A digital single-lens reflex camera (also called a digital SLR or DSLR) is a digital camera combining the optics and the mechanisms of a single-lens reflex camera with a digital imaging sensor, as opposed to photographic film. The reflex design scheme is the primary difference between a DSLR and other digital cameras. In the reflex design, light travels through the lens, then to a mirror that alternates to send the image to either the viewfinder or the image sensor. The alternative would be to have a viewfinder with its own lens, hence the term “single lens” for this design. By using only one lens, the viewfinder presents an image that will not perceptibly differ from what is captured by the camera’s sensor.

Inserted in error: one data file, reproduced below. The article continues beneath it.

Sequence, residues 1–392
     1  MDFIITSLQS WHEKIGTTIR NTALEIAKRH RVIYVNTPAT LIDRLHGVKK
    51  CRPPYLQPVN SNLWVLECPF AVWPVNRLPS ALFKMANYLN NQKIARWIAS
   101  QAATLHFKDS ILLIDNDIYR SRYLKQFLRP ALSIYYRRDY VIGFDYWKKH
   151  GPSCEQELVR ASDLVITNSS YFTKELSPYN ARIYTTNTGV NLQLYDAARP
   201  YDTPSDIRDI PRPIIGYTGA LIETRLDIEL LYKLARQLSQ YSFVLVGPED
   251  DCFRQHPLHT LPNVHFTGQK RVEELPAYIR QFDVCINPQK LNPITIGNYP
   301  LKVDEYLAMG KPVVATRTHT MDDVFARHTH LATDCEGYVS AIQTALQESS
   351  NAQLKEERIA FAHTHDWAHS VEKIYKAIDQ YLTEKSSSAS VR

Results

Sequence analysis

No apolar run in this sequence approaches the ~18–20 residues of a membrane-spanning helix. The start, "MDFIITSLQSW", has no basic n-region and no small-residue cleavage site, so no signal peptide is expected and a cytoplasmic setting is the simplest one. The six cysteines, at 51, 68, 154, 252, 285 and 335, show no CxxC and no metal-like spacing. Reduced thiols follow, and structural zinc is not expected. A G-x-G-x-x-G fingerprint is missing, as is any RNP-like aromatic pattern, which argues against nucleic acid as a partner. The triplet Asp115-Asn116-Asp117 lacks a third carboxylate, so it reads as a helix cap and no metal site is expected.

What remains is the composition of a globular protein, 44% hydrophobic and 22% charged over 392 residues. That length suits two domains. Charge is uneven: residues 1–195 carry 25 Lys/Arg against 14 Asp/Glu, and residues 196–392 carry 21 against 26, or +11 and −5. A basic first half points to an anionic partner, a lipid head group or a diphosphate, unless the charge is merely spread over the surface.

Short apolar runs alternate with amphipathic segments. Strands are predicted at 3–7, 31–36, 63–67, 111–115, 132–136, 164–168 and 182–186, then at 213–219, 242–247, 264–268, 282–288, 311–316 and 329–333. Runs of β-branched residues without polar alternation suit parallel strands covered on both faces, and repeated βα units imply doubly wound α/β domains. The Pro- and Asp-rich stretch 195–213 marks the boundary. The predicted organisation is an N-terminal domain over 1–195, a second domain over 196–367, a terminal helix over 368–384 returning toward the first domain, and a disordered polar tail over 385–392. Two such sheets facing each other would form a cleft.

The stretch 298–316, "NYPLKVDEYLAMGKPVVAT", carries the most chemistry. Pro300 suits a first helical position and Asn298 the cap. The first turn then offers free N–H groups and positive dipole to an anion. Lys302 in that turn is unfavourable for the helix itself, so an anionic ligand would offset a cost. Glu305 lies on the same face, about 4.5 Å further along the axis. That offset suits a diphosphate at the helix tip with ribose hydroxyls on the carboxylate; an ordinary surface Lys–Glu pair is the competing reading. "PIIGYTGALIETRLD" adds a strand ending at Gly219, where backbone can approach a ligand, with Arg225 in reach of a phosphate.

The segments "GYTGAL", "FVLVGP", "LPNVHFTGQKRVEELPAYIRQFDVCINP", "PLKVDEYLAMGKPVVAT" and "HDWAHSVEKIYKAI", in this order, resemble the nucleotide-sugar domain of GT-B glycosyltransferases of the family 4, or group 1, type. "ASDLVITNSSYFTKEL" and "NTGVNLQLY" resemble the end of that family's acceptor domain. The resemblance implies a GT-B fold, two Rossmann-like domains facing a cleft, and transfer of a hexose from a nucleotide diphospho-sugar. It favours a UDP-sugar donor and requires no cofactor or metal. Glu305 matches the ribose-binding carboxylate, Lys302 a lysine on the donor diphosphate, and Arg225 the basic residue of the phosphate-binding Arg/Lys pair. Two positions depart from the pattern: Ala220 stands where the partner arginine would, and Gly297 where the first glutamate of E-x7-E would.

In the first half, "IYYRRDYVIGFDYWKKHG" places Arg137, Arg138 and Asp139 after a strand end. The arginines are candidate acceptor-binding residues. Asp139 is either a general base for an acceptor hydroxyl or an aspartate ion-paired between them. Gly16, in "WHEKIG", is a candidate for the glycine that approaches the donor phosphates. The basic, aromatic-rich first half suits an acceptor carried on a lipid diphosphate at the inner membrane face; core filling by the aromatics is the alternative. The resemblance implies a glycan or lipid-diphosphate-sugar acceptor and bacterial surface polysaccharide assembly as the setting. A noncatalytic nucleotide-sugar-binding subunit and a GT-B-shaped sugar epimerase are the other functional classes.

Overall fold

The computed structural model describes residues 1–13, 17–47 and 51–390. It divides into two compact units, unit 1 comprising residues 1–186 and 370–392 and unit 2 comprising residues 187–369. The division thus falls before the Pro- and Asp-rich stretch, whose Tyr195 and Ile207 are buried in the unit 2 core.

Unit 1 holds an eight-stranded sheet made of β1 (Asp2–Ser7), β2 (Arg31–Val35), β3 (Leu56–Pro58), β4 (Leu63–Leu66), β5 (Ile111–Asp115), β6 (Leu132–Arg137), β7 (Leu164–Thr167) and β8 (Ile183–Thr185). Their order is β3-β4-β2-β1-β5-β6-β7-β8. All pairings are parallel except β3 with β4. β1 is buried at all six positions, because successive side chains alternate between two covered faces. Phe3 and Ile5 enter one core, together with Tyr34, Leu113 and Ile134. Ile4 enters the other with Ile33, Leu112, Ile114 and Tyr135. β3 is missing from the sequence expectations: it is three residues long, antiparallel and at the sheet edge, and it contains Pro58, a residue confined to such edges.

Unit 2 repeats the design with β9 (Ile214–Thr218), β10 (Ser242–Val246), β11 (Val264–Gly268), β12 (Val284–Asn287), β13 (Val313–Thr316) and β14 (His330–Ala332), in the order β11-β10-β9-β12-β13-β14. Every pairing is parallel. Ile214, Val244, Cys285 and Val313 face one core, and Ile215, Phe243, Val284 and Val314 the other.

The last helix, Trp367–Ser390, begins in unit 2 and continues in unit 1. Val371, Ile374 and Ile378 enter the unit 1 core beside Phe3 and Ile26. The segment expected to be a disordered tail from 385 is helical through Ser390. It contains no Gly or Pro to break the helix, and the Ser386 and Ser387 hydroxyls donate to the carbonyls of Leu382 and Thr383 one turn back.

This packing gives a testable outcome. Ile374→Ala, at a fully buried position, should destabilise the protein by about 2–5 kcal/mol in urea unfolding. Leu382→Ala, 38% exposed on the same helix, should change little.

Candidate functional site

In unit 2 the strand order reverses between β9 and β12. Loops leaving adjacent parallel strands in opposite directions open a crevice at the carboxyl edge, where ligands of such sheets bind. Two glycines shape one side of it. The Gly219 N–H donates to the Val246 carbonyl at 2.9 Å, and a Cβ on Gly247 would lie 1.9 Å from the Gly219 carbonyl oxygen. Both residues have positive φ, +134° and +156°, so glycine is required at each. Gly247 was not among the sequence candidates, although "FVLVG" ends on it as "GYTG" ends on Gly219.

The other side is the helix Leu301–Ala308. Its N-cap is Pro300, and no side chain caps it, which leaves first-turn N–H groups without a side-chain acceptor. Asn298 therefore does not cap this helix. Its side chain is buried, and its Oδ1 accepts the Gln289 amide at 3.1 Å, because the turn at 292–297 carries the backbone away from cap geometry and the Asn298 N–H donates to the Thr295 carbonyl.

SLRs DSLRs typically use interchangeable lenses with a proprietary lens mount. A movable mechanical mirror system is switched down for 45-degree angle to direct light from the lens over a matte focusing screen via a condenser lens and a pentaprism to an optical viewfinder eyepiece. most of the entry level DSLs use a pentamirror instead of the traditional pentaprism. Focusing can be manual or automatic, activated by pressing half-way on the shutter release or a dedicated AF button. To take an image, the mirror swings upwards in the direction of the arrow, the focal-plane shutter opens, and the image is projected and captured on the image sensor after which actions, the shutter closes, the mirror returns to the 45-degree angle, and the built in drive mechanism re-tensions the shutter for the next exposure.